During his six-year tenure at the New York City Department of Health, Dr. Imperato successively served as Director of the Bureau of Infectious Disease Control and Principal Epidemiologist, First Deputy Commissioner of Health, Director of the department’s Residency Training Program in Public Health, and as Chair of the New York City Swine Influenza Immunization Task Force.  Mayor Abraham D. Beame then appointed him as Commissioner of Health and Acting Health Services Administrator of New York City.  He also simultaneously served as Chair of the Board of Directors of the New York City Health and Hospitals Corporation, Chair of the New York City Board of Health, and chaired the Interagency Health Council and the Executive Committee of the Health Systems Agency.  He later served in these positions under Mayor Edward I. Koch.  His mentors at the New York City Department of Health were Dr. Lowell E. Bellin, who served as Commissioner of Health from 1974 to 1977, Dr. Aaron D. Chaves, Assistant Commissioner for Chronic and Communicable Diseases, Dr. Howard B. Shookhoff, Chief of the Division of Tropical Medicine, and Louis Neugeborn, Deputy Commissioner for Administration.

While at the New York City Department of Health, Dr. Imperato was Clinical Professor of Public Health at Cornell University Medical College and on the faculty of the School of Public Health at Columbia University.  On leaving the New York City Department of Health, he became Professor and Chair of the Department of Preventive Medicine and Community Health in the College of Medicine at SUNY Downstate Medical Center, where he succeeded one of his mentors, Dr. Duncan W. Clark, an internationally eminent leader in public health and preventive medicine.  Dr. Imperato was later appointed Distinguished Service Professor.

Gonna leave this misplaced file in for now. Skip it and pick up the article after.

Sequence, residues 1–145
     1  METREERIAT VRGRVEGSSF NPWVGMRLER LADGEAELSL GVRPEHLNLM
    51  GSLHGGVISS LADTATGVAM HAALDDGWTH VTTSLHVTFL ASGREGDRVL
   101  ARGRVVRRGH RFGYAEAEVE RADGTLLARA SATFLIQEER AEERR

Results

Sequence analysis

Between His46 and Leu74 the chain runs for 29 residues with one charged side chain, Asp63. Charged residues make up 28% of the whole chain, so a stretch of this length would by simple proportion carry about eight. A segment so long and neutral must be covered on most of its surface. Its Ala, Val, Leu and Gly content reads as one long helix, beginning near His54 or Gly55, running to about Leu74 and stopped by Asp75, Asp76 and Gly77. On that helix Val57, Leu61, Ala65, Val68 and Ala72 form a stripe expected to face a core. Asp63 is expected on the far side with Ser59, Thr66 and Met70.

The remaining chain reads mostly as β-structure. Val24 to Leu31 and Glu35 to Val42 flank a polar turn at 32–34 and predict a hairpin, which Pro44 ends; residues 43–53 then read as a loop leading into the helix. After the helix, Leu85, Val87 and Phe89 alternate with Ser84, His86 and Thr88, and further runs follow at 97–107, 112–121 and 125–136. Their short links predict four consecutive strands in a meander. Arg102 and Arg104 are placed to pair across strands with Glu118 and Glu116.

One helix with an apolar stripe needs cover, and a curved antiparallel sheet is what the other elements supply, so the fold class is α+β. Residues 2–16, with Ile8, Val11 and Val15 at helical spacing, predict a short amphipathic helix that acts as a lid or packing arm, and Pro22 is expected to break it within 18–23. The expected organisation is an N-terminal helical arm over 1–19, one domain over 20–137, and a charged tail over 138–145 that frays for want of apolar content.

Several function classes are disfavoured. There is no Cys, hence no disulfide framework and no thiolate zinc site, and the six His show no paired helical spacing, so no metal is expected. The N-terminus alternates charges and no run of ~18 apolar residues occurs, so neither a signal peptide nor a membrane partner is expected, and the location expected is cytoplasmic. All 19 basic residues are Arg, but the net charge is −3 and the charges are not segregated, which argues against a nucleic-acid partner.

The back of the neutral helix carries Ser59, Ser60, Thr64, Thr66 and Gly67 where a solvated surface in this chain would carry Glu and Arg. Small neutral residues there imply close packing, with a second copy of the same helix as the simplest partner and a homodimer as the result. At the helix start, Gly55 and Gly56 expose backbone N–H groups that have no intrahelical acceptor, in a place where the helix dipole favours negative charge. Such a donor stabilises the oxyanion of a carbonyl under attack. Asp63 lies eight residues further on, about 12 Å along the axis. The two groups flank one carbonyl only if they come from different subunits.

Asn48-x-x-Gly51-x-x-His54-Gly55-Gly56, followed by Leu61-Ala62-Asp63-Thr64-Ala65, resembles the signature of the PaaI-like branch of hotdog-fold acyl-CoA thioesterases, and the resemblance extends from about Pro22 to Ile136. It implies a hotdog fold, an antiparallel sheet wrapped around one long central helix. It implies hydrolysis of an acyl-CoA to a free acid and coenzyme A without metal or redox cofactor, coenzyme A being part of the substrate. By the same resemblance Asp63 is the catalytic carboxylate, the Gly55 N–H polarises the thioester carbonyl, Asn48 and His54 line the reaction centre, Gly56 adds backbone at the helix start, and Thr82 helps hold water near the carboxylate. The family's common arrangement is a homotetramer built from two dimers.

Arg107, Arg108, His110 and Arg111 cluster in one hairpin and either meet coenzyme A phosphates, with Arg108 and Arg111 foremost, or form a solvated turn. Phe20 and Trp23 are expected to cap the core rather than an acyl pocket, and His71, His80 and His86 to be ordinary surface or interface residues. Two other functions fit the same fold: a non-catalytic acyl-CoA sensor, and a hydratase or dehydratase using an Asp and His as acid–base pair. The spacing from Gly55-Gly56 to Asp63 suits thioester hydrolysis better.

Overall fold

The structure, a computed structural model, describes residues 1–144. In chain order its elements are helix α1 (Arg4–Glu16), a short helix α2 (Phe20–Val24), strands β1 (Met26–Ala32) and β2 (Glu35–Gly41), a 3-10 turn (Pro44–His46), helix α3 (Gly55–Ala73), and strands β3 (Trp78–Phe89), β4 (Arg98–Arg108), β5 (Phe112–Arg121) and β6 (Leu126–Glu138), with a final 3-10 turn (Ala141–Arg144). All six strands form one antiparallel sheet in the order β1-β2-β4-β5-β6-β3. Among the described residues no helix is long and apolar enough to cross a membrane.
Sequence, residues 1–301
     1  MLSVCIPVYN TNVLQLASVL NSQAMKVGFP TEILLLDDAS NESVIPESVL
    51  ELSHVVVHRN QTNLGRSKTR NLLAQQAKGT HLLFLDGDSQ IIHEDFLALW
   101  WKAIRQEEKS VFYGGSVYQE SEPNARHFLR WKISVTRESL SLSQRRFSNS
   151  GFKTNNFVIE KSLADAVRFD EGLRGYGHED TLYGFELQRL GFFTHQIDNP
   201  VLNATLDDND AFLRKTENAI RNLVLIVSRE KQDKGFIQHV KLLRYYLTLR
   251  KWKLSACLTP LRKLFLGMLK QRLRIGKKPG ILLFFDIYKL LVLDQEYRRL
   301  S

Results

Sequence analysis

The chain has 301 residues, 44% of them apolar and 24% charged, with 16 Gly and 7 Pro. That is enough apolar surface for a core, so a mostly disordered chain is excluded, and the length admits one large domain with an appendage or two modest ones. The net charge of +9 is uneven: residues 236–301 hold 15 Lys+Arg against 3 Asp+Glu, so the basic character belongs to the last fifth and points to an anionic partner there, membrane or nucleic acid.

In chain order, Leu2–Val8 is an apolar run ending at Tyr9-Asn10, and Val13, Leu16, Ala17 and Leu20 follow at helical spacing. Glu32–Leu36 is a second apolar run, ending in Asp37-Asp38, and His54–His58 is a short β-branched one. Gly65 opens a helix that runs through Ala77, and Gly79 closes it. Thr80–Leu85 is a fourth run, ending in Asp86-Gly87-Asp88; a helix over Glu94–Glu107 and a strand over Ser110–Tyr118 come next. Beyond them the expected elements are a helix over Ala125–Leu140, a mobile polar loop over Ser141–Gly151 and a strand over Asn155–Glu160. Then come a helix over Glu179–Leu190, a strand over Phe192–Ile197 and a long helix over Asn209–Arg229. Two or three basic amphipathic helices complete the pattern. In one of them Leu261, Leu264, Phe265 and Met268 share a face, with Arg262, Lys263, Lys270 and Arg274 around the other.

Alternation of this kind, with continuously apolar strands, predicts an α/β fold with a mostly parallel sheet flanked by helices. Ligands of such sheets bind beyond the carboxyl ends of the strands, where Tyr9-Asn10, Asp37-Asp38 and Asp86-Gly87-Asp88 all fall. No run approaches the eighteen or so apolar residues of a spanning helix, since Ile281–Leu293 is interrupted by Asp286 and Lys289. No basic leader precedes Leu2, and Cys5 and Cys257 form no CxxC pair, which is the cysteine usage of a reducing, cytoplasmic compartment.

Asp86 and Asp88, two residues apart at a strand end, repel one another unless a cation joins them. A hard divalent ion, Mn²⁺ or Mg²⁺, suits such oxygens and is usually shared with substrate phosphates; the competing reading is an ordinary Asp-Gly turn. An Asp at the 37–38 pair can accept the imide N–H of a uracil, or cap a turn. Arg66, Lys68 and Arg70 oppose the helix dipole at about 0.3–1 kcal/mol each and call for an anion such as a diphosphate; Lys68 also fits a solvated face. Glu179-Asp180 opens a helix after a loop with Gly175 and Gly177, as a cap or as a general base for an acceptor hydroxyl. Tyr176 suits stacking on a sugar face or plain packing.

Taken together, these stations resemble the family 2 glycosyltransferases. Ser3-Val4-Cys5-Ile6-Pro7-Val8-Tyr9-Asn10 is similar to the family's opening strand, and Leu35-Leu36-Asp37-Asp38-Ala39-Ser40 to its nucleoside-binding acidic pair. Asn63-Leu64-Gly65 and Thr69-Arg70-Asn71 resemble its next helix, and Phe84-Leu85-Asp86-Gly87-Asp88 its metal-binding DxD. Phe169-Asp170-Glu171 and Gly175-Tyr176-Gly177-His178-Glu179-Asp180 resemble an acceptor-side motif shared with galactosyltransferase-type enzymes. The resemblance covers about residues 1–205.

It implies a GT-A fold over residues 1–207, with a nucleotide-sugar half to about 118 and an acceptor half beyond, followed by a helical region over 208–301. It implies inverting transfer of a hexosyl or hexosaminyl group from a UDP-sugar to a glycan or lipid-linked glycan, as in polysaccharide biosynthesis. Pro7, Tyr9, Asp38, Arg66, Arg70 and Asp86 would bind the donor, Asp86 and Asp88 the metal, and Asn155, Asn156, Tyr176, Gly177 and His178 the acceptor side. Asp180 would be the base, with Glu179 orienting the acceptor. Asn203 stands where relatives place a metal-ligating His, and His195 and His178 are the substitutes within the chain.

In 2001, Dr. Imperato assumed the additional responsibility of Director of the Master of Public Health Program.  With the steady expansion of the program, in 2008 he became Dean of the Graduate Program in Public Health and the School of Public Health Initiative, and in 2009 Founding Dean and Dean of the School of Public Health.

Under Dr. Imperato’s leadership, the Master of Public Health Program, with its single concentration on urban and immigrant health, steadily grew. In 2005, it received the maximum five-year national accreditation from the Council on Education for Public Health (CEPH). Over the next four years, Dr. Imperato led the complex effort to transform the Master of Public Health Program into the School of Public Health. This required the creation of four additional MPH concentrations in Biostatistics, Environmental Health Sciences, Epidemiology, and Health Policy and Management. The core curricular courses and elective courses had to be created for all five concentrations and approved by the central administration of SUNY, the New York State Education Department, and the CEPH board. A similar process took place for the creation of the Doctor of Public Health degree programs in Community Health Sciences, Environmental and Occupational Health Sciences, and Epidemiology. Four departments were created, chairs and faculty recruited, and a number of governing committees created.

By 2008, the essential structure for a school of public health was in place. An academic convocation launching this initiative was held on April 11, 2008 at which the Chair of the SUNY Board of Trustees and the Interim Chancellor of the University presided. It was at this convocation that Dr. Imperato was formally installed as Dean. It was also in 2008 that the New York State Legislature and the Governor approved $100 million for the construction of the Public Health/Academic Building, scheduled to open in 2015.

In 2010, a CEPH accreditation site visit took place, after which the school received national accreditation for the maximum possible of five years. Shortly thereafter, the Beta Iota Chapter of Delta Omega, the National Public Health Honor Society, was established.